* In this post I solely refer to blockchain as the core technology of transferring ownership of information from one party to the other, without any middlemen. I’m leaving crypto currency out of the equation (Bitcoin, Ether, Dash, etc).

Lots of things have been said about blockchain already, I’m not here to give a crash course on what the technology entails or how it works; there are many sources out there that can explain that better than me.

What I want to talk about is the relationship and the need of marrying blockchain with UX and UI design. As many people have trouble understanding what blockchain is, or fail to understand its added value, design can help in improving this and showing people what the power of blockchain really is.

The reason why blockchain is sometimes hard to grasp, is because it’s an ‘under the hood technology’, meaning that it’s basically a bunch of lines of code that require the user to really understand the concept of blockchain before one can see its potential. Whereas AR and VR are sexy technologies – that appeal to people and show obvious and easy to understand results – and where technologies such as chatbots and artificial intelligence (AI) immediately create associations in one’s mind, blockchain remains the black sheep of disruptive technologies in terms of ease of comprehension. And that’s a shame, as it might be the most promising and disrupting concept of the above mentioned ones.

“…blockchain remains the black sheep of disruptive technologies in terms of ease of comprehension.”

The clear advantages of blockchain, being that it creates transparency, immutability, easy cross border transfers, no single point of breach, distributed, 100% uptime of information and cryptographic security, are all very valid and clear. However, how do you materialize those benefits into an easy to use, value adding solution? For that, design thinking and UX/UI design play a vital role that haven’t been explored enough, mainly because blockchain is still in its inception when it comes to large scale, live solutions. It has not yet left the tech and nerd domain, it seems.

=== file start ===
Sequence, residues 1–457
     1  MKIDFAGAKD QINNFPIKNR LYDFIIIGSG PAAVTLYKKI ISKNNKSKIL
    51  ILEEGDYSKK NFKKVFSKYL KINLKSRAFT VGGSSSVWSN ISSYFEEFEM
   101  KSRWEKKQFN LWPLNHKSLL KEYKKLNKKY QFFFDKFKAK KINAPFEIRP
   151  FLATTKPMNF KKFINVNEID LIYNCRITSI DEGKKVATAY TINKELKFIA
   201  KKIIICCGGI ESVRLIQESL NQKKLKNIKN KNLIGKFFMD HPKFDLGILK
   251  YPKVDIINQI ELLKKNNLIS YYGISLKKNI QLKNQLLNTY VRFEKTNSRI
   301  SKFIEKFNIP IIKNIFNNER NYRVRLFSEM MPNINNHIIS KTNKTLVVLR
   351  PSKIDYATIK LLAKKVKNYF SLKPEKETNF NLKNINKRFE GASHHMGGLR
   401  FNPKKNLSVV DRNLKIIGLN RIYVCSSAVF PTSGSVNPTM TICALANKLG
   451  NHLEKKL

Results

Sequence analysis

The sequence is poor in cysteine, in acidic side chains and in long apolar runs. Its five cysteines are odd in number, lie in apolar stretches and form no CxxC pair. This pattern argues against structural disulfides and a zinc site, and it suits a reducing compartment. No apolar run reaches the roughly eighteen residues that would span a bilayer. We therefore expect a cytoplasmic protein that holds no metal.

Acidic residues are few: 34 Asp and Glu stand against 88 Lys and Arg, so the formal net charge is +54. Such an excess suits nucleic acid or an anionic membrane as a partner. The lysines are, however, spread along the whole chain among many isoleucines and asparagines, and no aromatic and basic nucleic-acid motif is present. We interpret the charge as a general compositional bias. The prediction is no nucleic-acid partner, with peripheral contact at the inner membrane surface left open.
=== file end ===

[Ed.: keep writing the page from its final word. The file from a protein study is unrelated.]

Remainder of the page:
I have been involved in many pilots and proof of concepts, such as:

All of these examples knew quite a heavy focus on conveying the idea in best possible way, whether it was a working app, a chatbot, a video, a webapp, or a new customer journey – such as the one here, which we made for Aegon (apart from the actual API):

Customer journey we did for AEGON

What these projects thought me over the course of two years, is the following:

  1. Make blockchain understandable by creating an MVP that focuses on the ‘heart’ of your blockchain solution. Think about your future customer journey and ask yourself: where in this journey am I making the most impact on the experience, by using blockchain? Focus on the related functional requirements for your MVP. For example, in the Aegon journey above we started developing the last two steps, where the impact of blockchain was most apparent. Moreover, focus on the true added value (transparency, immutability, etc.) and how that is translated into UX.
  2. Turn code and (Smart contract) mutations into tangible, visual feedback cues: make sure that you SHOW your user what is happening in the backend. Not by showing code, but by translation that code to understandable UX cues. Please see the warranty bot video for an example of how the mutation of a Coloured Coin asset simply is shown as a GIF or another relatable micro interaction for its user.
  3. Involve designers in your project and make sure they truly understand blockchain. Designers can be of great help to turn techy talk into clear, consistent UX and UI designs, and can help you setup brainstorms and other creative processes to improve your blockchain use case. However, ensure they really understand what potential benefits blockchain has, otherwise the outcome will be suboptimal.

Now that blockchain is gaining grounds and becoming more mainstream, I think there are great chances for designers to help understand engineers and blockchain enthusiasts how use cases can be realized from a user experience point of view. At the other hand, they can help identify pain points in people lives (or in b2b context), to find ways to define new use cases (and consequently, Proof of Concept/MVP definition). In doing so, giving engineers and developers guidance on where to start and how to realize the most blockchain potential. And in both cases, tangible design will convince internal buy-in from corporate stakeholders and support from C-level people across the board.

Image above: example of UI design for Web of Trust concept Alliance of Insurers.

Rome wasn’t built in one day. Likewise, blockchain is still in its exploration phase, offering great chances to organizations across many industries to rethink their business model and user experience. Let us be critical about the proper use of blockchain for the challenge at hand and involve UX and UI ┬ádesigners to help in crafting an understandable, value adding solution.

Feel free to contact me to find out more and start such a design and development process for blockchain.